Cuyahoga County Election Officials Prepare For In-person Voting In November
Cuyahoga County election officials are considering changes in preparation for the November general election, but much is unknown until the secretary of state issues instructions.
According to Tony Perlatti, director of the county’s board of elections, they are expecting at this point to hold in-person voting on Election Day in November with six-foot spacing between voting booths.
“It’s going to be an interesting phenomenon across the county as we try to apply these standards and what it does to the number of poll locations or the wait time for poll places,” Perlatti said during Tuesday’s board meeting.
In-person voting was canceled in the most recent election, originally scheduled for March 17, and absentee voting was extended to April 28.
Officials are hoping to hear from the secretary of state sometime in June on rules for the general election, but the state legislature will have to pass legislation to make changes to rules including deadlines for absentee voting.
“The association [of county election officials] and the secretary of state’s office both keep repeating that we’ve got to have it soon, to the legislature, you’ve got to come up with something in June,” Perlatti said. “They’re hearing that, whether or not they want to act on it will be determined.”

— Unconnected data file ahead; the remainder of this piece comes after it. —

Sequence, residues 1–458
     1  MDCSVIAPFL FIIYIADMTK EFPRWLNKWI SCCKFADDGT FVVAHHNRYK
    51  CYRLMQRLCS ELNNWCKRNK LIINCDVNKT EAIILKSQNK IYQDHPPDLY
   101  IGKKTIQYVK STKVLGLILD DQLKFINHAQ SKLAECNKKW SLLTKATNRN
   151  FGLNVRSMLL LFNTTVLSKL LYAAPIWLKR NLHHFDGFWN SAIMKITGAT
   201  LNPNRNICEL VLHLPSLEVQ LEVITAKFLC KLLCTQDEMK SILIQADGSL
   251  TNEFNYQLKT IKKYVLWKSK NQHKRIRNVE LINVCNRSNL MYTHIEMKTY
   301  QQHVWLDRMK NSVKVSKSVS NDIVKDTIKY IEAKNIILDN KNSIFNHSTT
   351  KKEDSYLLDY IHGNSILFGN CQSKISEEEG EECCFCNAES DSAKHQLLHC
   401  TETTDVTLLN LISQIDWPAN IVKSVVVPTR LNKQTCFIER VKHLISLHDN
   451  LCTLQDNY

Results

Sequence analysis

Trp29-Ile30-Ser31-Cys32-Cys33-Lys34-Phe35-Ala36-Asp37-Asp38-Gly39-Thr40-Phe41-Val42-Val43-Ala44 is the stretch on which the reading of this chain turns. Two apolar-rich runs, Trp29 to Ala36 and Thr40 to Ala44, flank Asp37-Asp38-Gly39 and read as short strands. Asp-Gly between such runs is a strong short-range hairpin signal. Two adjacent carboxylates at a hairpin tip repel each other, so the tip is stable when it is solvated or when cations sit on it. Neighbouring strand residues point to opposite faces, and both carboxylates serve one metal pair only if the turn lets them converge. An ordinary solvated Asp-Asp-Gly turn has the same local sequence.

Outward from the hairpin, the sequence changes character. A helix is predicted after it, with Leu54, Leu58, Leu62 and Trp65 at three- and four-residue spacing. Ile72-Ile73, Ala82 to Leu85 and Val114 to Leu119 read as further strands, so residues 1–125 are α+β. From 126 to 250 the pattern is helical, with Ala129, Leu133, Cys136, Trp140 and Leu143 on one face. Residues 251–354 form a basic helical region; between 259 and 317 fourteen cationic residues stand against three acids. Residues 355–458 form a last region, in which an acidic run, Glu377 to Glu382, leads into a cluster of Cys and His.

He added there is also consensus among county election officials on loosening rules for poll workers on Election Day.
“We were all in agreement of letting 17-year-olds who are juniors work the polls and individuals who have felonies that were over ten years [ago] and not related to the election business,” Perlatti said.
One of the challenges that made holding in-person voting on March 17 difficult was finding enough poll workers, who are often senior citizens and especially vulnerable to COVID-19.
At Monday’s meeting, the board also certified results from the primary. Controversial special rules were put in place when in-person voting was canceled and absentee voting was extended.
Voters had to request an absentee ballot by April 25 for the April 28 election. Any voter who requested a ballot by the deadline but didn’t receive it from the county could submit a provisional ballot in-person.
According to official results, those special rules led to a higher rate of rejected provisional ballots than normal – about 33 percent. Half of those were rejected because a ballot was submitted in person but the request wasn’t received by April 25.
By comparison, in the 2016 presidential primary, 19 percent of the provisionals submitted were rejected. That year, failing to register was the main reason for rejections.
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